The more things change

Author: Andrew Sabl

Andrew Sabl, a political theorist, is Associate Professor of Political Science at the University of Toronto. He is the author of Ruling Passions: Political Offices and Democratic Ethics and Hume’s Politics: Coordination and Crisis in the History of England, both from Princeton University Press. His research interests include political ethics, liberal and democratic theory, toleration, the work of David Hume, and the realist school of contemporary political thought. He is currently finishing a book for Harvard University Press titled The Uses of Hypocrisy: An Essay on Toleration. He divides his time between Toronto and Brooklyn.

5 thoughts on “The more things change”

  1. Not sure what this references, but it’s a shame that School House Rock didn’t do a follow-up video about Daniel Shays Whiskey Rebellion, and how Sam Adams and the original Tea Partiers viewed that little Tea Bagger-like tantrum. In this medium, the message might have had a chance of penetrating the Bachmann brains.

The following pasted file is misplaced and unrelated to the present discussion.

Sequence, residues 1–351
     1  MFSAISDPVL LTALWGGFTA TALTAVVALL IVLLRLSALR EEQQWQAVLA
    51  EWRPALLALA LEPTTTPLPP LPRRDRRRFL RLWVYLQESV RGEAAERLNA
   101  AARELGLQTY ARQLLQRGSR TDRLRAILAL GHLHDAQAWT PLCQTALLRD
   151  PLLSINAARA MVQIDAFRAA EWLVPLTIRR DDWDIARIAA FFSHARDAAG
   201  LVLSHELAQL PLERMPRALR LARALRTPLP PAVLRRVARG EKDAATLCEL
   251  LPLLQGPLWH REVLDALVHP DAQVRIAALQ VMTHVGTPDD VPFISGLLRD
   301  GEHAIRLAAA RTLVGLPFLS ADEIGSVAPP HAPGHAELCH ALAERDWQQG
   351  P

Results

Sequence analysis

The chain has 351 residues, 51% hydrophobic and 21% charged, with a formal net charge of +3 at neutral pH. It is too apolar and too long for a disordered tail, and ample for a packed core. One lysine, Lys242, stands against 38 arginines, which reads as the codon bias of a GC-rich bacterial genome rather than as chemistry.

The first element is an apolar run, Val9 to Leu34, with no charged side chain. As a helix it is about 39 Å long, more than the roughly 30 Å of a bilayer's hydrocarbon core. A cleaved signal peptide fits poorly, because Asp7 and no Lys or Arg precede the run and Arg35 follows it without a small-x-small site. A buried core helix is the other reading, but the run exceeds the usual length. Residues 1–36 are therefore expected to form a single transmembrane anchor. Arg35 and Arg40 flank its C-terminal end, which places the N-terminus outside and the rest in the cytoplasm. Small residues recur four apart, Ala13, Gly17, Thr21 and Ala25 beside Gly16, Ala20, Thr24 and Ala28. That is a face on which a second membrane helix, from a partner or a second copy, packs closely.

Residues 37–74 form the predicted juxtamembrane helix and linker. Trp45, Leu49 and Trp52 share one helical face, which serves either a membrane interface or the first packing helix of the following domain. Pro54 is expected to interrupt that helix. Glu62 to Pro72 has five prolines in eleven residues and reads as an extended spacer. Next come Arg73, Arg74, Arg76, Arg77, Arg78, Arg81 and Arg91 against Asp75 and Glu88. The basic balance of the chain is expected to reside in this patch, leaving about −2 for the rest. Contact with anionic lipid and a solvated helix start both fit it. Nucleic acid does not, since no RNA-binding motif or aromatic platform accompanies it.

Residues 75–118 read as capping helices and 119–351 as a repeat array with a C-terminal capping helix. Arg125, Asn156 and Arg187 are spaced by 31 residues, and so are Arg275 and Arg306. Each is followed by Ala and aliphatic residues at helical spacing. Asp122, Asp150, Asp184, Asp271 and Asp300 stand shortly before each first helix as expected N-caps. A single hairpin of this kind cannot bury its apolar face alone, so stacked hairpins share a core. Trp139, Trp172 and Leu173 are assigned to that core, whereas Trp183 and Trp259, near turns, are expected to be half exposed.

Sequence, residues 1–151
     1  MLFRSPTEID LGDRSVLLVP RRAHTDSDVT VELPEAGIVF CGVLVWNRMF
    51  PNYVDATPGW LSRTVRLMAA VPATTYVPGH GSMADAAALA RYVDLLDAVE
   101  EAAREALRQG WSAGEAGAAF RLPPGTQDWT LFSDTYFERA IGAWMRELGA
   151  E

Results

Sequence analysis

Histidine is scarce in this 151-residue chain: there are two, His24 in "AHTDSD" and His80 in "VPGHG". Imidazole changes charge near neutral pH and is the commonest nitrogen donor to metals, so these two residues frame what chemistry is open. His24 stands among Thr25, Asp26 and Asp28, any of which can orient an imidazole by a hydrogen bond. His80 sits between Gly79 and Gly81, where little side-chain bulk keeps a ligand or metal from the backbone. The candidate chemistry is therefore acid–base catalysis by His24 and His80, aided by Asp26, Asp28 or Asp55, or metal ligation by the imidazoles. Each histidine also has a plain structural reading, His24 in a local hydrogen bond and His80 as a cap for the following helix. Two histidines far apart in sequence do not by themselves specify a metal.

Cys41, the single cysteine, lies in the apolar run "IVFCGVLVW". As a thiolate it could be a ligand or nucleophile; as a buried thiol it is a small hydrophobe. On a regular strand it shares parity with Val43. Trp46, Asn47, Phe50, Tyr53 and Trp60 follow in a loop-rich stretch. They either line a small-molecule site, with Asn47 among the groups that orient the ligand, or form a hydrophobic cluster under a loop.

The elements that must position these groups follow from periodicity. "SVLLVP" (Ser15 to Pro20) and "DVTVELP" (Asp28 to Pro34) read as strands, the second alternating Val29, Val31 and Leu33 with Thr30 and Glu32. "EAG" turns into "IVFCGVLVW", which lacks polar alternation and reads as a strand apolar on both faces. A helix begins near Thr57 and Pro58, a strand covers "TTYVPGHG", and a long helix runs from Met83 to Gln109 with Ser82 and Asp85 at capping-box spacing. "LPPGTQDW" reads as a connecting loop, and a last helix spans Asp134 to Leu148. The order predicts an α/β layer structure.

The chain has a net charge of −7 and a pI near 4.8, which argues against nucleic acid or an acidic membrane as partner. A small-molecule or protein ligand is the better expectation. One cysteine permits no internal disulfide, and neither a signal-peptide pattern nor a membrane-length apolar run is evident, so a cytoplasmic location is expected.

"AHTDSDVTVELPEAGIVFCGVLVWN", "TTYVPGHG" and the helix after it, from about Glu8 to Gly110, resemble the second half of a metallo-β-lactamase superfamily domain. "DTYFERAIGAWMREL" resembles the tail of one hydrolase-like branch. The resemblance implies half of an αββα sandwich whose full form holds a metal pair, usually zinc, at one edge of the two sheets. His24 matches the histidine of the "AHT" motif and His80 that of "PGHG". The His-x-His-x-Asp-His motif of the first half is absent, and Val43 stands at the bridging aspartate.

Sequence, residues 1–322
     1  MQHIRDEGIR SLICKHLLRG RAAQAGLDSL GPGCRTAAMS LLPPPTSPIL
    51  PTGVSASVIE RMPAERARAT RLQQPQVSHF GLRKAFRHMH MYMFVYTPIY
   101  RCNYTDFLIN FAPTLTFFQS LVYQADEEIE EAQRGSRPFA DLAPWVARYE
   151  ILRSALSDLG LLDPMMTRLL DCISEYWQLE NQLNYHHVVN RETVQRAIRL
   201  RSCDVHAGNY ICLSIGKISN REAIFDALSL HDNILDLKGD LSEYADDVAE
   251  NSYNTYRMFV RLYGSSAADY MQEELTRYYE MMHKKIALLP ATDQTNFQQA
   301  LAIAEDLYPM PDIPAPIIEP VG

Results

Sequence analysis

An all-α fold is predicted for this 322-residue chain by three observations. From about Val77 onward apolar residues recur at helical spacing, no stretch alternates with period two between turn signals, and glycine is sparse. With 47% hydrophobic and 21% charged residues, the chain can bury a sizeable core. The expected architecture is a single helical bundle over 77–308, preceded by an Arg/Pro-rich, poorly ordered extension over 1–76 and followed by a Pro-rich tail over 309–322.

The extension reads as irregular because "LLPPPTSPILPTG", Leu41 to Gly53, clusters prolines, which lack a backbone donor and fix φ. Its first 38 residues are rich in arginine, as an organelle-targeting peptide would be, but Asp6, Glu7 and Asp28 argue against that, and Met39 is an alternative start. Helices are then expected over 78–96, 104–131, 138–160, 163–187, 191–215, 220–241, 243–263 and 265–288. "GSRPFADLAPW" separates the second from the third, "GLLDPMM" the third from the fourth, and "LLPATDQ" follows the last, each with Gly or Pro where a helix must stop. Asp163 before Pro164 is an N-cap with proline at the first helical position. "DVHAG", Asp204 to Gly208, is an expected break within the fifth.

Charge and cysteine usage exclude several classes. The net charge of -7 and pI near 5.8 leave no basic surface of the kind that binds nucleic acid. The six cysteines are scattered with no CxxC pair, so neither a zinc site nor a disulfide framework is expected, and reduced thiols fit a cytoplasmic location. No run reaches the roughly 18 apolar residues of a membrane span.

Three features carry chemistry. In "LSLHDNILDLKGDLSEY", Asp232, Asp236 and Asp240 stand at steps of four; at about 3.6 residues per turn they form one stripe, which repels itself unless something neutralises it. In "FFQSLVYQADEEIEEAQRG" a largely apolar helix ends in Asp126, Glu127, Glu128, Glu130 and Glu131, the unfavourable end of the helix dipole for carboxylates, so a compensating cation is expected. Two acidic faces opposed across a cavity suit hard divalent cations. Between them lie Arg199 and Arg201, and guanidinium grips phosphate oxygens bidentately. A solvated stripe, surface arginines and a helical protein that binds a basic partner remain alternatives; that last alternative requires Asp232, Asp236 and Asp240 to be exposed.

2. Bill,

    I’m not sure what it’s referencing either, but I suspect that it’s an indirect tribute to House Majority Leader Cantor. He introduced (and the House passed) a bill that says (in essence) we don’t need no estinking Senate, and we don’t need no estinking President even less.

  3. Maybe it’s about how following the British austerians over the economic cliff will only further weaken America ….

  4. This clearly was inside baseball (or cricket) to a degree that made it completely baffling.

    All your guesses are good ones given how cryptic I was. But in fact, the answer’s simpler. Look at how the category is spelled (or spelt) and try to remember how it used to be spelt (or spelled).

    Maybe from now on I’ll stick to analyzing political rhetoric.

  5. In Sabl’s defence, his post is not a cypher and is, in fact, easy to analyse. He’s trying to stimulate a dialogue that will get us to examine our behaviour so that we don’t stray too far from the political centre.

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